Exegesis Postgraduate E-Journal (all research/creative writing welcome): DEADLINE APRIL 30
In our inaugural issue we wish to address the diversity of meanings available to this e-journal's title—Exegesis. Though exegesis traditionally applies to the interpretation of a religious text, it has also been applied to secular literature in an attempt to understand an author's intended meaning. We view the broader concept of the term exegesis as a critical explanation of a work of literature across the disciplines. To this end, we invite articles, reviews, and creative pieces that provide any type of exploration of the meaning of a text.
Possible topics might include, but are not limited to:
- Studies of religious texts in relation to the secular
A close examination of the works of one author or one particular text
A response to the question of interpretation or authority
An investigation into the history and culture of one text, author, or intended audience
An examination of literary genre
A close analysis of grammatical and syntactical features in a text
A piece of creative writing that examines and/or reinterprets the written word
Your interpretation of the term or theory of exegesis
We welcome submissions of articles, reviews, and creative pieces by 30th April to email@example.com. After being submitted for peer review, refereed articles will be selected and published in our September 2012 issue.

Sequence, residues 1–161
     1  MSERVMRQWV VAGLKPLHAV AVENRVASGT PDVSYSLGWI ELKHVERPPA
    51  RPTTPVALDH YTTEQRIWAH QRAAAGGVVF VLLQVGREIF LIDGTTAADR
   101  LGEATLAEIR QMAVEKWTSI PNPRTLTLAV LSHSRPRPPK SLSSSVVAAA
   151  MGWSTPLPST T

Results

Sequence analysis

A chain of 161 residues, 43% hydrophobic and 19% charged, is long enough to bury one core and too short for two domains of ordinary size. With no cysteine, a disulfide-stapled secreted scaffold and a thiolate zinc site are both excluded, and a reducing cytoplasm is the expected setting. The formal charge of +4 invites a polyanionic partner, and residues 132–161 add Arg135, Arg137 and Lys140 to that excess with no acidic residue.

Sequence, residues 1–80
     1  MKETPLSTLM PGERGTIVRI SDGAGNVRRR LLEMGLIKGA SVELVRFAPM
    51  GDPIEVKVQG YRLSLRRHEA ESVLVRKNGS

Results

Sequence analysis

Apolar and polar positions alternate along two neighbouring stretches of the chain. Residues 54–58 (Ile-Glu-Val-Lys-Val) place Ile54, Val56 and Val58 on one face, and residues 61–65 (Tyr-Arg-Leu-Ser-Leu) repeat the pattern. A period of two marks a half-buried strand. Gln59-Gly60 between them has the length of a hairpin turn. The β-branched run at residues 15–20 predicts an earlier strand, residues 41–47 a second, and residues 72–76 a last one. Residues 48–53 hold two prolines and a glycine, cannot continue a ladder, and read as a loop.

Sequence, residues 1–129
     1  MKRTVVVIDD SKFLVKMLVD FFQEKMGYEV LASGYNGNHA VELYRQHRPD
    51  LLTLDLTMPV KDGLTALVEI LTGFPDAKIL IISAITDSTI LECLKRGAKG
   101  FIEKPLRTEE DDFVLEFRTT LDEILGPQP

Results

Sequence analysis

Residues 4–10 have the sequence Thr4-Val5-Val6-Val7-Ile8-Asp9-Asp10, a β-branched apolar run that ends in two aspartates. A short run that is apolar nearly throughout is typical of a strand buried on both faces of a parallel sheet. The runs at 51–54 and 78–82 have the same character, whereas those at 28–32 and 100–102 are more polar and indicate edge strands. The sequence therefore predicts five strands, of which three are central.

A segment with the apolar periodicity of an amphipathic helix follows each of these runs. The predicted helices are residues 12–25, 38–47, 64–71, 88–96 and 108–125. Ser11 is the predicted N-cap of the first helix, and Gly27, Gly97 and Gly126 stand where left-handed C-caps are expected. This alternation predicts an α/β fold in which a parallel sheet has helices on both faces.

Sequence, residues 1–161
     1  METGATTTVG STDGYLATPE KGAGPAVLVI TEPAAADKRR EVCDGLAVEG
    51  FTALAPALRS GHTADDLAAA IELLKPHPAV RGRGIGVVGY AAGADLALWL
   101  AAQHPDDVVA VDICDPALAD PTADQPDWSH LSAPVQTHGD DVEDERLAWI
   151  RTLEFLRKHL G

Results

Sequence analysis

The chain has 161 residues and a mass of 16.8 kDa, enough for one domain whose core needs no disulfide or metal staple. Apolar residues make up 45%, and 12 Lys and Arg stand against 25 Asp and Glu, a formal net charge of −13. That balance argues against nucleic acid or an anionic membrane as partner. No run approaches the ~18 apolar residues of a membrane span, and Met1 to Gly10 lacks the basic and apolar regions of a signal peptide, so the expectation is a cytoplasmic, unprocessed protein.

Exegesis invites submissions from postgraduate students and early career academics from the field of English Studies and beyond, multi- and cross- disciplinary researchers, and any scholar with interesting and relevant work.
We welcome previously unpublished essays, short articles, reviews, and creative pieces on each issue's theme, and encourage you to fully explore the meaning of exegesis.
Essays and short articles should be between 4000-6000 words and reviews around 1000 words (including all references), and must adhere to the MHRA referencing and style guide. Creative pieces are welcomed of no more than 5000 words.
Your submission email should include your name, academic affiliation, the title of your submission, 5-7 keywords, and a 3-5 sentence abstract of the article or review piece. All attached submissions should be unnamed, to ensure impartiality during the selection process.
All submissions should be sent as Word documents (.doc format) to firstname.lastname@example.org.
A copy of the MHRA style guide can be found at: